Netbooks won't save PC market this year, surveys say
- — 15 January, 2009 12:55
Netbook shipments will see tremendous growth this year but won't be enough to boost overall worldwide PC shipments, which will sink due to the global economic downturn, according to surveys from IDC and Gartner released on Wednesday.
Shipments of netbooks, or mini-notebooks as IDC calls them, totaled 10 million in 2008 and will likely double this year, IDC said in a study. But the growth will be outweighed by slow or even declining sales of traditional laptop and desktop PCs, IDC said. IDC defines netbooks as devices with 7- to 12-inch screens and a fully functional OS like Windows XP or Vista.
Even Microsoft's Windows 7 OS won't give PC shipments a big lift if it ships this year ahead of schedule, as some expect, said Doug Bell, research analyst at IDC. There may be an initial spike as early adopters climb on board, but most consumers will likely wait until the economy recovers. As usual with a brand-new OS, corporations will delay adoption until bugs have been worked out, which could run into the middle of 2010 or beyond, Bell said.
After six consecutive years of growth, worldwide PC shipments fell 0.4 percent year-over-year in the fourth quarter of 2008, according to IDC. Shipments of mainstream laptops and desktops will continue to be slow this year but should recover by mid-2010 as economies recover and consumer spending increases.
A main concern for vendors is the lack of corporate spending on IT equipment, Bell said. Budgets are frozen and not likely to open up soon to refresh PCs, he said. Price-sensitive consumers are also increasingly opting for cheaper PCs like netbooks priced between US$300 and $500.
Netbooks are having the trickle-down effect of driving down prices for mainstream laptops, Bell said. That has driven down margins of PC makers, who have been forced to introduce cheaper systems to meet demand. All major vendors including Hewlett-Packard, Dell, Acer and Lenovo are now offering netbooks.
Netbooks are also reaching buyers in new ways, which could boost their shipment numbers. They are being offered as part of telecommunication bundles to consumers in Europe, for example. That trend has already started to appear in the U.S., with the Acer Aspire One being offered by RadioShack for US$99.99 with a two-year AT&T mobile broadband plan.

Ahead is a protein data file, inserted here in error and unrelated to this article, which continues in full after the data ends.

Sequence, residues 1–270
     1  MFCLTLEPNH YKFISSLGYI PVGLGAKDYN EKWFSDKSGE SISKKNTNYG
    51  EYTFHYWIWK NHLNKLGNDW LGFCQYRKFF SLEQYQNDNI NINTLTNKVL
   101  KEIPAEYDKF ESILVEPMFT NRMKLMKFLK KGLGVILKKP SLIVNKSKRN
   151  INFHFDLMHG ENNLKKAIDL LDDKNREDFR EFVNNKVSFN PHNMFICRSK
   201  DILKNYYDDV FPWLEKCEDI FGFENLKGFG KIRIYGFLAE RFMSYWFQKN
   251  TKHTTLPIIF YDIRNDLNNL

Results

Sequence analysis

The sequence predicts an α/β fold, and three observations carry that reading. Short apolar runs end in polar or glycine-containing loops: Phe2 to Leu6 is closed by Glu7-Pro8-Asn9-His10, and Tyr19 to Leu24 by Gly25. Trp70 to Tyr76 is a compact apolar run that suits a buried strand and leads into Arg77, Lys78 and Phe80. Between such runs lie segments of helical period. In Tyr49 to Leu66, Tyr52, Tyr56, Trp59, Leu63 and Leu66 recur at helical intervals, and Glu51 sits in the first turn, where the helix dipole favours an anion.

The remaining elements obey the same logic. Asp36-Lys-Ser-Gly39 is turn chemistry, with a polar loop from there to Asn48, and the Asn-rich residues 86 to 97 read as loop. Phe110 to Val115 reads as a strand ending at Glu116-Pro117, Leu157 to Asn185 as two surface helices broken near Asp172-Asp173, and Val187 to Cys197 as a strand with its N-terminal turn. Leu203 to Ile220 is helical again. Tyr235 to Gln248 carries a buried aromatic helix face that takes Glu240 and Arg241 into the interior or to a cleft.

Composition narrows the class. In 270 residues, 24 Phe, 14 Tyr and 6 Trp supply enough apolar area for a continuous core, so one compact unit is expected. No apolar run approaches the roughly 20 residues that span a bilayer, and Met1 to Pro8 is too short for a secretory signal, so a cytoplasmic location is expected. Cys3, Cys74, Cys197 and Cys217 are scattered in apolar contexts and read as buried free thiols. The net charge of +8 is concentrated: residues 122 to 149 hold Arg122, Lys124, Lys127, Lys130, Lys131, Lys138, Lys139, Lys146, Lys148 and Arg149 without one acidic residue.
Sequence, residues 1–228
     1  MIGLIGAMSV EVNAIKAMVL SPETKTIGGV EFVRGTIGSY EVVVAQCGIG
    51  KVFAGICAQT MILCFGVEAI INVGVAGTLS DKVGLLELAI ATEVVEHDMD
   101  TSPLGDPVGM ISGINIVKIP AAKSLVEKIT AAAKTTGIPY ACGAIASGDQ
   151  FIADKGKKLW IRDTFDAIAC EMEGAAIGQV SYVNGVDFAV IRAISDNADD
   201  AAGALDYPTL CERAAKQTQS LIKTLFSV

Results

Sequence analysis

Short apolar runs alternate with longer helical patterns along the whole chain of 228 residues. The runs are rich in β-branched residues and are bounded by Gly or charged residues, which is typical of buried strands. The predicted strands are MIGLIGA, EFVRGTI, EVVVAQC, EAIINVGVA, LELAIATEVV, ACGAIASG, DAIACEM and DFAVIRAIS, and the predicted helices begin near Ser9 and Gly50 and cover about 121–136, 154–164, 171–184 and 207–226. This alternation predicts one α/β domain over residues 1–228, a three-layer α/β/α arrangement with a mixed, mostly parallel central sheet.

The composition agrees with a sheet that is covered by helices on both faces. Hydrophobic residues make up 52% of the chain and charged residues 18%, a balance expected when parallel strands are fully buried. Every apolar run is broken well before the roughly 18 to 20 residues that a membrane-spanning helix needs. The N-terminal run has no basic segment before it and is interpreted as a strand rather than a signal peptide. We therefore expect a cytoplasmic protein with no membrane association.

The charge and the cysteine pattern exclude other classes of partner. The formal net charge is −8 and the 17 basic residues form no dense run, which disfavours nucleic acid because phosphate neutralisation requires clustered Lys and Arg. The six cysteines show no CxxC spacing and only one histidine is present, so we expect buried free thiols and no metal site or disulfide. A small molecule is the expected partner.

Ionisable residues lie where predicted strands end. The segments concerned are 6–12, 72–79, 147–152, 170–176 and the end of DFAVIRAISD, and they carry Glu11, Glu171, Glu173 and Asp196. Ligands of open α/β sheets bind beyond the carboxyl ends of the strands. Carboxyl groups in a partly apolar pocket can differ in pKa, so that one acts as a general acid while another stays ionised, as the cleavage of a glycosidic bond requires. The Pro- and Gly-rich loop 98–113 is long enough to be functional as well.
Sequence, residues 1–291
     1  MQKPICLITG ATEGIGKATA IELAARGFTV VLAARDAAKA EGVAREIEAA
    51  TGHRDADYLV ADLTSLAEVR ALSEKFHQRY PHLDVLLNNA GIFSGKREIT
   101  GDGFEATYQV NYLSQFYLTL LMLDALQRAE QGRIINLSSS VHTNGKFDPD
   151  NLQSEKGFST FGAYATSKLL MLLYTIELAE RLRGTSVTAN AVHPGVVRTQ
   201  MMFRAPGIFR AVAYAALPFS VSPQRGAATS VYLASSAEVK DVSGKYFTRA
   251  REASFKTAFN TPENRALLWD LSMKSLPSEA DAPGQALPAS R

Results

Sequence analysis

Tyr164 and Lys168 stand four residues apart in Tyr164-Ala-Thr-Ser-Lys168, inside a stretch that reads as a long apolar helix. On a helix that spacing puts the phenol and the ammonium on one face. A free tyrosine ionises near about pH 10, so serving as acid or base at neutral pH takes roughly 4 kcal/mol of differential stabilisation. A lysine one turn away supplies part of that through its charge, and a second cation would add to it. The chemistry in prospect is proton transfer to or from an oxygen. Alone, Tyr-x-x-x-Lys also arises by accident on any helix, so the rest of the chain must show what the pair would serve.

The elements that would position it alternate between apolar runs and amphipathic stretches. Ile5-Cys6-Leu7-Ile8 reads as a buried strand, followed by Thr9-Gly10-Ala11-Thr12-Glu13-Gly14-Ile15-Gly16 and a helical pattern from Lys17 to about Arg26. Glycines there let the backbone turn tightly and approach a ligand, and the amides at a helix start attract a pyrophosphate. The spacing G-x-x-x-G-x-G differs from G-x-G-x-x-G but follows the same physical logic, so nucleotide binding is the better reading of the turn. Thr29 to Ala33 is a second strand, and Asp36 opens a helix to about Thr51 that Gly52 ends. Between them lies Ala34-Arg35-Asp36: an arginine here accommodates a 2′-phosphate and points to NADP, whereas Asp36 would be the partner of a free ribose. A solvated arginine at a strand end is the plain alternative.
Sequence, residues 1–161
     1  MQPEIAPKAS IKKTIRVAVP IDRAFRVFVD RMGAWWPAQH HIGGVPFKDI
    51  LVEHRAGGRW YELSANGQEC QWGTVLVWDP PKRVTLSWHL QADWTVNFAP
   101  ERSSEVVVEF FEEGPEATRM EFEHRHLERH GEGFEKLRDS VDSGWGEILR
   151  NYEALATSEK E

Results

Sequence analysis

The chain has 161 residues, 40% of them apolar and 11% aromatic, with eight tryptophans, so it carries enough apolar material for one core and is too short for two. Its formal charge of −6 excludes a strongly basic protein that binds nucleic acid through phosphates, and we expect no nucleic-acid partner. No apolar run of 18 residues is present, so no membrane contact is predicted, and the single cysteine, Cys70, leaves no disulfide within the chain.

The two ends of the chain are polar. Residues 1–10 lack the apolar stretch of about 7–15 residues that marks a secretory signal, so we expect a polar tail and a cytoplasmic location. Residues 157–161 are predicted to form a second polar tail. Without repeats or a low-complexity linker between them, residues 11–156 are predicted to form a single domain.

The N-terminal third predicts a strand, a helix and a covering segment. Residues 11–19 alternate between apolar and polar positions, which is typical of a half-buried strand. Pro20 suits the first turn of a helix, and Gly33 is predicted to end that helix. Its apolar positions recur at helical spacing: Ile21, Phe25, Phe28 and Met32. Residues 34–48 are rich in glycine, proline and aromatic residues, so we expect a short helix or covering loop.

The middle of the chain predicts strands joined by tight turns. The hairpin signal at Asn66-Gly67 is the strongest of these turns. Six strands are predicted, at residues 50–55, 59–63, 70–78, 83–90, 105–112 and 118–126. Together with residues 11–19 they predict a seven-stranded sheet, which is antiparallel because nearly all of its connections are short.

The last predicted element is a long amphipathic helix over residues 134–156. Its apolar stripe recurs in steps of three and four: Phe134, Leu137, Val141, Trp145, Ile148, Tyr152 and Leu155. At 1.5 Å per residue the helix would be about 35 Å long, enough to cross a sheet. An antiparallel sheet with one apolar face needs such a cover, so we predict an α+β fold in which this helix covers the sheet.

Netbooks helped Acer record a 25.3 percent growth in its worldwide PC shipments during the fourth quarter, Bell said. By contrast, top vendors Hewlett-Packard and Dell struggled to record solid growth. HP shipped 15 million PCs in the fourth quarter, a 3.1 percent year-over-year gain, to give it 19.6 percent market share. Dell saw its shipments fall year-over-year by 6.3 percent to 10.6 million. Acer's shipments were 9.1 million, followed by Lenovo, which saw a 4.8 percent drop in shipments to 5.6 million. Toshiba saw its shipments climb 20.2 percent to 3.7 million for fifth place.
Acer's growth was particularly strong in the U.S., where shipments jumped 55 percent in the fourth quarter, increasing its lead over Apple as the third-largest PC vendor, according to Gartner.
Acer shipped 2.38 million PCs in the U.S., while Apple's sales increased 8 percent year-over-year to 1.26 million units. Dell and HP, the top two PC vendors in the U.S., saw their sales decline. Dell's shipments fell by 16.4 percent to 4.47 million units, giving it 28.6 percent of the market. In close second, HP saw its shipments drop 3.4 percent to 4.3 million. Toshiba came in fifth place.